This article was published in The 30 Second Wine Advisor on Friday, April 14, 2006.

Wine to go?

You order an excellent wine to go with your restaurant meal, and when dinner is done, the bottle is half empty. Or half full, depending on your worldview. What do you do?

Common sense would dictate that you poke the cork back in the bottle and take it home to enjoy another day. But common sense, by and large, does not inform alcoholic-beverage-control laws. In most states of the U.S. and provinces of Canada, anyway, restaurants are generally not licensed for "package liquor" sales and, historically, have risked a fine or loss of their drinks license if they permit customers to carry out leftover wine.

In recent years, though, model legislation (usually pushed by the restaurant industry and wine distributors) has made its way through the law-making process in quite a few states, including New York and Massachusetts as well as a few more rural jurisdictions.

Kentucky's similar law won easy passage in March, with only nominal opposition from some lawmakers in "dry" regions. The law, as most of them do, requires that restaurant staff re-seal the bottle, place it in a container and provide a dated receipt. The consumer must keep the bottle in the trunk, a locked glove compartment or other place "inaccessible to the driver" during the quick trip home.

The changes have not gone without debate. Supporters argue that the new laws foster moderation because diners don't feel pressured to drink the whole bottle at the restaurant, then drive home. Opponents fret that drivers can all too easily defeat the system if they desire a quick swig - or several - for the road.

In Maryland, where a similar law just passed the legislature and awaits the governor's signature, a local newspaper found the expected range of opinions from cheers to jeers. Here's a link to the story in the Frederick (Md.) News-Post:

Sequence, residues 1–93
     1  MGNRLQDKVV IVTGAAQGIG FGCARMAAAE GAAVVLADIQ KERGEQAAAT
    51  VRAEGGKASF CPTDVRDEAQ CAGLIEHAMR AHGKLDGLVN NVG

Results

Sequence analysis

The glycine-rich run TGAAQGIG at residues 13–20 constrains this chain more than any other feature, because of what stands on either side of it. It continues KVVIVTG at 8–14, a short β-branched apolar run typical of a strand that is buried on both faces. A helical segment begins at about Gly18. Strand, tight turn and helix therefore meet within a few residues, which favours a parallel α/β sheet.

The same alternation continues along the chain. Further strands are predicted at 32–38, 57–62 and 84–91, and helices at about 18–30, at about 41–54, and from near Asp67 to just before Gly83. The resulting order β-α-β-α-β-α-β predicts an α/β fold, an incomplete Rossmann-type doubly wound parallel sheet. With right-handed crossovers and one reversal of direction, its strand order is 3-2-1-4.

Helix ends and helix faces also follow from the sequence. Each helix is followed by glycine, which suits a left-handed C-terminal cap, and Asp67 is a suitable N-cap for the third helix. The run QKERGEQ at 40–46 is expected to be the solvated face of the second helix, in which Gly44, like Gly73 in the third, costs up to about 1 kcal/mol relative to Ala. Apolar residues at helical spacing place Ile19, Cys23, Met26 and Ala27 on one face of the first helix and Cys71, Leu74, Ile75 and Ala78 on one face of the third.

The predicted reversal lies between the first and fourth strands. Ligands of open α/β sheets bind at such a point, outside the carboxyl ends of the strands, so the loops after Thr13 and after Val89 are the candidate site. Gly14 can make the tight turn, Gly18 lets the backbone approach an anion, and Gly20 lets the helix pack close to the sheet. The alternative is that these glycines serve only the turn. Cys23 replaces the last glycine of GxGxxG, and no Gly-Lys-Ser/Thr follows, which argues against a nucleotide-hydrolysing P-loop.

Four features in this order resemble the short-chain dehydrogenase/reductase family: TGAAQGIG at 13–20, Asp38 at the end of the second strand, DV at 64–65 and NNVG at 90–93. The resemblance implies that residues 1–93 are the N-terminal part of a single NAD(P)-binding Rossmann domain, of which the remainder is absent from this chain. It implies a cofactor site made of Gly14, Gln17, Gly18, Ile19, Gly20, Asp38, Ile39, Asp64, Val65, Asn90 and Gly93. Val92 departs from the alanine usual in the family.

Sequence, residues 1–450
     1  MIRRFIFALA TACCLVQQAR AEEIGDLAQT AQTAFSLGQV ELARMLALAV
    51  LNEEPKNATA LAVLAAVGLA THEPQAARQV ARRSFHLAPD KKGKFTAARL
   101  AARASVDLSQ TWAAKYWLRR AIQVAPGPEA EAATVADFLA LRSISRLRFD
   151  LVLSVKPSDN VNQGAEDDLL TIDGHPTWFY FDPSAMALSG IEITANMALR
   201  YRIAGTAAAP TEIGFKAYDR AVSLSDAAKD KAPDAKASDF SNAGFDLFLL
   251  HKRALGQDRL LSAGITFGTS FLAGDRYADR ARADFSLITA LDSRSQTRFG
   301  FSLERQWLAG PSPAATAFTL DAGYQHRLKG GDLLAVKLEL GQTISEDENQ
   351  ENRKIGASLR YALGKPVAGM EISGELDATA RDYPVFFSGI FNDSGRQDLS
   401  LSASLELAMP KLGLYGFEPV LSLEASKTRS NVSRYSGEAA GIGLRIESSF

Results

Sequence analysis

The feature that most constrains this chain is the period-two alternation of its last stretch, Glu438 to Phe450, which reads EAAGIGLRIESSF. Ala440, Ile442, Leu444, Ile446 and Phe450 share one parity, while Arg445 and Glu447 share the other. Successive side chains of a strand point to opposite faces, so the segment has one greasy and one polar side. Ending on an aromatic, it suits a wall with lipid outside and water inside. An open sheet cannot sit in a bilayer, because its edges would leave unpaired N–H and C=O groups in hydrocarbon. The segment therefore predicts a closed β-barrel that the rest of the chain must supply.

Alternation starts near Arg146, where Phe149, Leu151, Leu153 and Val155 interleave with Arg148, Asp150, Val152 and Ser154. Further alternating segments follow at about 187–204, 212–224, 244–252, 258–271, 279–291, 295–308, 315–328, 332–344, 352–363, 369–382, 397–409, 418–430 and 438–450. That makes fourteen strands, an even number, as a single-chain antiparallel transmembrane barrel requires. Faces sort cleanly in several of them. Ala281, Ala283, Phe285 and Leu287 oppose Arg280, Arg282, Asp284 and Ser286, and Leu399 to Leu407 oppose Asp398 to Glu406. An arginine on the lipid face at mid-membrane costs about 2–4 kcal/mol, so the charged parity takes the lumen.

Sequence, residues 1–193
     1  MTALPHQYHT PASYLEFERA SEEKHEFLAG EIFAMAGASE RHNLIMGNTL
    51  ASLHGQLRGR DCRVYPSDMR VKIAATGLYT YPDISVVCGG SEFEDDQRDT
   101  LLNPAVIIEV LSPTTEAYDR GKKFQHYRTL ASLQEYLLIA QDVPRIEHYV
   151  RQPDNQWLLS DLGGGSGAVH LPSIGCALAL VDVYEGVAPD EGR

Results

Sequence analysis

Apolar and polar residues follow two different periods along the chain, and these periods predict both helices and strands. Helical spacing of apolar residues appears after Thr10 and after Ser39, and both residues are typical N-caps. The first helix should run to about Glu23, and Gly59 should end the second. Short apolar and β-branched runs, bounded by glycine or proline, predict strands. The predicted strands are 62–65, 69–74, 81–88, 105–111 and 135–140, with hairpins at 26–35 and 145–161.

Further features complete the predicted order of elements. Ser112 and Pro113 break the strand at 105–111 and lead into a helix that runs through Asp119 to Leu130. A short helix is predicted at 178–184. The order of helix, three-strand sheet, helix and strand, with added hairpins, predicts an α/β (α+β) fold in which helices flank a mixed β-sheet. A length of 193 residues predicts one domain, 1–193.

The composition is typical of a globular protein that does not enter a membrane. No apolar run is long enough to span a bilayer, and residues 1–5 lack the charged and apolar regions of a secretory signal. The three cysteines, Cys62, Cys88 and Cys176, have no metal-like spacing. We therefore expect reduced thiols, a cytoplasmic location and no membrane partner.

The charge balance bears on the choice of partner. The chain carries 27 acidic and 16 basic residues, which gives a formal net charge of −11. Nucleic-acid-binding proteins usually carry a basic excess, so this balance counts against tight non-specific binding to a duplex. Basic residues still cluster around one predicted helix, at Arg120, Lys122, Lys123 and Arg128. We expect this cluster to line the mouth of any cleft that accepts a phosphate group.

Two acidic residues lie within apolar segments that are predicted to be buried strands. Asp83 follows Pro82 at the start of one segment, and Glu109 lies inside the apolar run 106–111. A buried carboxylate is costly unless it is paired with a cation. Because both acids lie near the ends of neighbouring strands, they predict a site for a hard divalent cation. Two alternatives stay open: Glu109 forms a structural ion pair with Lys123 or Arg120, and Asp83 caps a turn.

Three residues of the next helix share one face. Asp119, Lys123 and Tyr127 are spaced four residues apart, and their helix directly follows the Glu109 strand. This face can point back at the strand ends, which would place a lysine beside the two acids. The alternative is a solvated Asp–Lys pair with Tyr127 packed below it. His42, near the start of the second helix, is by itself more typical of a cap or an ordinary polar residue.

I'm guessing that most wine lovers would hail this notion as progressive and right, but what do I know? To find out, we've set up another of those fun and informal online polls on our Netscape WineLovers Community. Click here to vote:

Turnbull Turnbull 2002 Napa Valley Cabernet Sauvignon ($36)

Garnet color, clear but very dark; almost black at the center. Fruit-forward aromas, currants, berries and red cherries. Lots of fruit in the flavor, too; serious and balanced wine in a crowd-pleasing style. (April 8, 2006)

FOOD MATCH: Perfect with a dry-aged rib eye, slow-roasted in Chef Michael Schlow's style as discussed in yesterday's WineAdvisor FoodLetter.

VALUE: In this day and age, quality, limited-production California Cabernets are no more budget wines than are top Bordeaux or premier cru Burgundies. By this lofty standard, however, a wine of the Turnbull's character is a fine buy in the $30s, capable of competing at a higher price point.

WHEN TO DRINK: This Cab appears to have been vinified for immediate enjoyment, but the nature of the variety, and this wine's structure and balance, should carry it for a decade in the cellar, an experience that should see it evolve into a more subtle if not as fruit-forward a wine.

The Turnbull Website offers details about the winery and its extensive portfolio, including a wine-buying club.

For a tech sheet on Turnbull 2002 Napa Cabernet in Adobe (PDF) format, click

I got today's wine, as I did Wednesday's Cline Bridgehead Zinfandel, from California Wine Club's Connoisseurs' Series, my most reliable source for highly rated, limited-production California wines. For more about Connoisseurs' Series, see below.

If you're in a region that Connoisseur's Series doesn't serve, you may be able to track down this hard-to-find wine using